Tino Sehgal, the thirteenth artist commissioned to fill Tate Modern’s Turbine Hall, has created a much-anticipated ‘constructed situation’ which builds upon the choreographed conversational encounters that have dominated his practice since the early noughties. These Associations (2012) takes on the super-human scale of the hall from multiple perspectives with an elaborate routine which can be viewed by spectators en masse from the museum bridge and upper galleries as well as experienced face to face at ground level. Around seventy performers wearing street clothes loiter along the ramp near the museum entrance or collect at the far end of the hall. This inconspicuously hired crowd mixes with visitors who soon find themselves the accidental confidants to a strange assortment of personal tales related by the performers: a son’s unsuccessful attempt to teach his ageing father how to swim; a screening of the Disney film Dumbo (1941) in a Spanish café which generates a Proustian moment; a young woman’s anxiety about submerging her head in the bath. The stories break off slowly as the performers move back and forth across the length of the hall – an almost imperceptible collective shift which slowly energizes to a crescendo of joyful sprinting, at times accruing the extra bodies of excitable children or visitors emerging from another exhibition inside the museum. At still other moments, chatter ceases, and a chorus of voices grows into a particular ‘song’, such as the melodic chanting of the word ‘electricity’, synchronized to the flickering of fluorescent lights overhead.
These Associations riffs on some past performances at Tate Modern, knowingly or not: Tania Bruguera’s Tatlin’s Whisper #5 (2008), a sinister exercise in crowd control with mounted police, or Trisha Brown’s Leaning Duets (1970) staged on the entry ramp and visible from several levels above. At Tate Britain, Martin Creed’s Work No. 850 (2008) saw sprinters race through the Duveen Galleries. Sehgal seems to collage these and other contemporary art ‘associations’ together in an attempt to multiply (inter)subjective relations. The titular plural ‘These’ contrasts the signature singular ‘this’ from earlier works: This is good (2001), This is propaganda (2002), This is exchange (2004), This objective of that object (2004), This is so contemporary (2005), This Variation (2012). But the manoeuvre between a collective body and individual viewers in These Associations ultimately feels forced: a one-way performance with an aestheticized conversational element which seems to be inspired by loose theoretical concepts – about affect or memory – and has been staged by the performers as personal narratives. In this contained relation, does the viewers’ participation influence the course of Sehgal’s dance? Are they granted any agency?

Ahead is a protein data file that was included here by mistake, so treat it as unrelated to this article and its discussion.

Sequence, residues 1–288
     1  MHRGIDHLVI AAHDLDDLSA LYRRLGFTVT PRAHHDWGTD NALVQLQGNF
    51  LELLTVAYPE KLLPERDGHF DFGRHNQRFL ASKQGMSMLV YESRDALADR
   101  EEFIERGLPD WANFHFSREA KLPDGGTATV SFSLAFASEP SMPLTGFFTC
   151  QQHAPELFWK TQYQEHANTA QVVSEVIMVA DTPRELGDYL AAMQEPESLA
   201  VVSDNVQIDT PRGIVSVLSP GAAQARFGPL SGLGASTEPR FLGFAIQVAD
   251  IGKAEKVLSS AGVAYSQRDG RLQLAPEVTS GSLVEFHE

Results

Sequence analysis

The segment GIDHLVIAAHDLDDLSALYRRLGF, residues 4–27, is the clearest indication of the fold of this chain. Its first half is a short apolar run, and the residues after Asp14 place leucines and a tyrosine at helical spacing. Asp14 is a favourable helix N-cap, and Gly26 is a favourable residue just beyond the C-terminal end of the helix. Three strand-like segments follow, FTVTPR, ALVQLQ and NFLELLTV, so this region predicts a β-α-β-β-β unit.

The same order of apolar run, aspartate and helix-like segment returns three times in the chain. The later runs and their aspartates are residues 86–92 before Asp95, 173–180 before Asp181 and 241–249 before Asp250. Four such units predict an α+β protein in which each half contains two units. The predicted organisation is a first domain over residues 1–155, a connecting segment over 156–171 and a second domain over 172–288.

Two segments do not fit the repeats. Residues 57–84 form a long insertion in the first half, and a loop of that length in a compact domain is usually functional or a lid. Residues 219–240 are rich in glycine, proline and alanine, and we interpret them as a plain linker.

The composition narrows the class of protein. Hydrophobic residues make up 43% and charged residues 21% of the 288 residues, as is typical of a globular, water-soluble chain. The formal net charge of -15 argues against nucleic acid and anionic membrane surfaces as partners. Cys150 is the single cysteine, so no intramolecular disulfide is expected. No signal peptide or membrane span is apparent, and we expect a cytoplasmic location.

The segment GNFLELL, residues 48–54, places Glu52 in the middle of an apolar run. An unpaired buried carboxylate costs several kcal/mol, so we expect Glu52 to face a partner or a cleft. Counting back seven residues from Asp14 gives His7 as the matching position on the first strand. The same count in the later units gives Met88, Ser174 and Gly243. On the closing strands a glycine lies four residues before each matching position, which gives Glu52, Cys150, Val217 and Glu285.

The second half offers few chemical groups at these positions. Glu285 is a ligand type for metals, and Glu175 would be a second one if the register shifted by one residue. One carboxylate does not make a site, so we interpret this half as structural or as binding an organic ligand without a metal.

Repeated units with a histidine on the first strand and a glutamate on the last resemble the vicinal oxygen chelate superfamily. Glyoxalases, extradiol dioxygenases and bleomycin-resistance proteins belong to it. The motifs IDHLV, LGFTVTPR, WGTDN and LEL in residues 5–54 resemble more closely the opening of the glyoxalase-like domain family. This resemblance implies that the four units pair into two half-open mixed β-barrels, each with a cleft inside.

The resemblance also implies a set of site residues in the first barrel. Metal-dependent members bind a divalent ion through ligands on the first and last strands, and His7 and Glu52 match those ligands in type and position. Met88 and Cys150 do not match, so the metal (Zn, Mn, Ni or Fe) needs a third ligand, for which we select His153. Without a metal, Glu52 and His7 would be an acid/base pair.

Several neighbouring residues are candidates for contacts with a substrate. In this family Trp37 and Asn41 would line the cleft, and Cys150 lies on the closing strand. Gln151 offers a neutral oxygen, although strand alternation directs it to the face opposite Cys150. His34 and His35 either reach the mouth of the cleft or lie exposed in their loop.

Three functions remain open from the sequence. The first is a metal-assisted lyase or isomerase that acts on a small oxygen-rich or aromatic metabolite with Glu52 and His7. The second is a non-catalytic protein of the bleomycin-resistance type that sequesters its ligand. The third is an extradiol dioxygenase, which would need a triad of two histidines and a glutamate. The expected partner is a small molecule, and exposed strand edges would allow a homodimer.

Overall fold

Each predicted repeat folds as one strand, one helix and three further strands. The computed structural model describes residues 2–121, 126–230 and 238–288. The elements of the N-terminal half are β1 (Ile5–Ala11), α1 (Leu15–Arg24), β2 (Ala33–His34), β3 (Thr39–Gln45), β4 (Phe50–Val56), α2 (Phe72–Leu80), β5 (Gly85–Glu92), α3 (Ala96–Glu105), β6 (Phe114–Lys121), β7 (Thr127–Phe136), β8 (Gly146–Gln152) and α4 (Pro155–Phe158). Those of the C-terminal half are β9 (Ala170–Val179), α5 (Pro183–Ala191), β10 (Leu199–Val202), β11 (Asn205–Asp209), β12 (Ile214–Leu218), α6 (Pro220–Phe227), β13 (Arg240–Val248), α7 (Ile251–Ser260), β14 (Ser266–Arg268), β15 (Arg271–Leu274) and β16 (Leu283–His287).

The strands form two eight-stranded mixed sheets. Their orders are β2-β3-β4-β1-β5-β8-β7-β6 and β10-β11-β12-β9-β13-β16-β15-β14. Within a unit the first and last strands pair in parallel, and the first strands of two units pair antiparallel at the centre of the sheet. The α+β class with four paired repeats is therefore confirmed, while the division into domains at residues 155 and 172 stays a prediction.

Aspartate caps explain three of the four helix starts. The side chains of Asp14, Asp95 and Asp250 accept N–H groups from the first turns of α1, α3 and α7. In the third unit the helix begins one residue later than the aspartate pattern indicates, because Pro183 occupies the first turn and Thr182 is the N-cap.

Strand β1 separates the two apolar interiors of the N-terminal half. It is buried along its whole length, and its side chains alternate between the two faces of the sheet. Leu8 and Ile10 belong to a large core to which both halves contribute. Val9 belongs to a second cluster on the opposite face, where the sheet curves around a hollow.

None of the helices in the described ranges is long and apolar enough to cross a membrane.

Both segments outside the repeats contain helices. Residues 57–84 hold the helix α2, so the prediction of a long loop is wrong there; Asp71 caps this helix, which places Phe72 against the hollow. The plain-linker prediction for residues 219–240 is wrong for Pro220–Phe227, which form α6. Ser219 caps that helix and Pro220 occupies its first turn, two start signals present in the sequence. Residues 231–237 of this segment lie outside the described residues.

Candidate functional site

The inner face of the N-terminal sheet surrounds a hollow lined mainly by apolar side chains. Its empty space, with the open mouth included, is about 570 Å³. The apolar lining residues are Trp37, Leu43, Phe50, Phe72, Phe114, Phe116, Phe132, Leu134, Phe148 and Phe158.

These Associations debuted just after the opening of the Tanks, a former oil well reserve converted into a space for performance and installation inside Tate Modern (Sehgal’s work accompanies the inaugural season’s programme, The Tanks: Art in Action, of live dance and performance). With this expansion, the museum’s recuperation of the former Bankside Power Station is complete. The new space thus appears as a grand metaphor for (cultural) energy in a post-industrial, service-industry economy, where the body is easily fetishized as bearer of the ‘real’. Sehgal augments this fetishization by refusing to leave any material traces of his works: no objects, no documentation, nor photographs of them (this piece included). His emphasis on the ephemeral moment and his understanding of performance as simultaneous production and de-production stem from an ecological critique of supply-side economics. But while refusing the archival impulse of the museum, he still relies on its contextual support. Unlike Gustav Metzger’s Art Strike 1977–1980 (1974), Sehgal does not disrupt the economic structures of the art world but reaffirms the viability of service goods, whether ecological or not.
Without documentation, Sehgal’s many compositions elude close reading, even critique, to become subsumed by the persona of an artistic genius whose work can be known by experience only. These Associations has been executed in a way to ensure that it is remembered as anecdote and will be later compelled by the art institution into the realm of myth. This tight control over such an ambitious performance of seemingly open associations is not only paradoxical but also somewhat reductive. This fixation on encounters with the ‘real’ – chance or constructed – verges on iconoclasm, but without truly dematerializing the art work.